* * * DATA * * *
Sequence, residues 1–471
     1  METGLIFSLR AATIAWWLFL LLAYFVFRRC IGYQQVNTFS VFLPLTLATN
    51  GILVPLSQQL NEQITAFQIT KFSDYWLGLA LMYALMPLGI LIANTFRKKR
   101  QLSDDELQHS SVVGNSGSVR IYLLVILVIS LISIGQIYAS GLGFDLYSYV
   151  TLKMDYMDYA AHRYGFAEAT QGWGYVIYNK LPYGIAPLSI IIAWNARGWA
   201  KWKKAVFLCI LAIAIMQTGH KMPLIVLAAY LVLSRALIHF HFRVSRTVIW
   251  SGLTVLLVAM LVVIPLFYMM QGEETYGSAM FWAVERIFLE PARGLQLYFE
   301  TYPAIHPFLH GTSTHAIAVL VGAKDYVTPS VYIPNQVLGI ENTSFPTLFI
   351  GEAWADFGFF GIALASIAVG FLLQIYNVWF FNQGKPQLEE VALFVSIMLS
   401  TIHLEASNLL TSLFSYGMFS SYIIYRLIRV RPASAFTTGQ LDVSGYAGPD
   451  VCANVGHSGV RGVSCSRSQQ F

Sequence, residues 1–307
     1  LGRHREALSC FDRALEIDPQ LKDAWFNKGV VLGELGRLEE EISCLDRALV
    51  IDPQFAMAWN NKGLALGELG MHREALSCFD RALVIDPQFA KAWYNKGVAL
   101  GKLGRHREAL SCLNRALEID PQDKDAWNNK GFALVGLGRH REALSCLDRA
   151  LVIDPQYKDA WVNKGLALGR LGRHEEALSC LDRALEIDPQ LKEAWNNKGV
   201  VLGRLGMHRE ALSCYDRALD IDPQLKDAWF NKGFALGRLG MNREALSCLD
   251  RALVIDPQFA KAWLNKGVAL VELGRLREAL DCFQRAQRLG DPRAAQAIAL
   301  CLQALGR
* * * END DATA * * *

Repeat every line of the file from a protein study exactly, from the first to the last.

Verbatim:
Sequence, residues 1–471
     1  METGLIFSLR AATIAWWLFL LLAYFVFRRC IGYQQVNTFS VFLPLTLATN
    51  GILVPLSQQL NEQITAFQIT KFSDYWLGLA LMYALMPLGI LIANTFRKKR
   101  QLSDDELQHS SVVGNSGSVR IYLLVILVIS LISIGQIYAS GLGFDLYSYV
   151  TLKMDYMDYA AHRYGFAEAT QGWGYVIYNK LPYGIAPLSI IIAWNARGWA
   201  KWKKAVFLCI LAIAIMQTGH KMPLIVLAAY LVLSRALIHF HFRVSRTVIW
   251  SGLTVLLVAM LVVIPLFYMM QGEETYGSAM FWAVERIFLE PARGLQLYFE
   301  TYPAIHPFLH GTSTHAIAVL VGAKDYVTPS VYIPNQVLGI ENTSFPTLFI
   351  GEAWADFGFF GIALASIAVG FLLQIYNVWF FNQGKPQLEE VALFVSIMLS
   401  TIHLEASNLL TSLFSYGMFS SYIIYRLIRV RPASAFTTGQ LDVSGYAGPD
   451  VCANVGHSGV RGVSCSRSQQ F

Sequence, residues 1–307
     1  LGRHREALSC FDRALEIDPQ LKDAWFNKGV VLGELGRLEE EISCLDRALV
    51  IDPQFAMAWN NKGLALGELG MHREALSCFD RALVIDPQFA KAWYNKGVAL
   101  GKLGRHREAL SCLNRALEID PQDKDAWNNK GFALVGLGRH REALSCLDRA
   151  LVIDPQYKDA WVNKGLALGR LGRHEEALSC LDRALEIDPQ LKEAWNNKGV
   201  VLGRLGMHRE ALSCYDRALD IDPQLKDAWF NKGFALGRLG MNREALSCLD
   251  RALVIDPQFA KAWLNKGVAL VELGRLREAL DCFQRAQRLG DPRAAQAIAL
   301  CLQALGR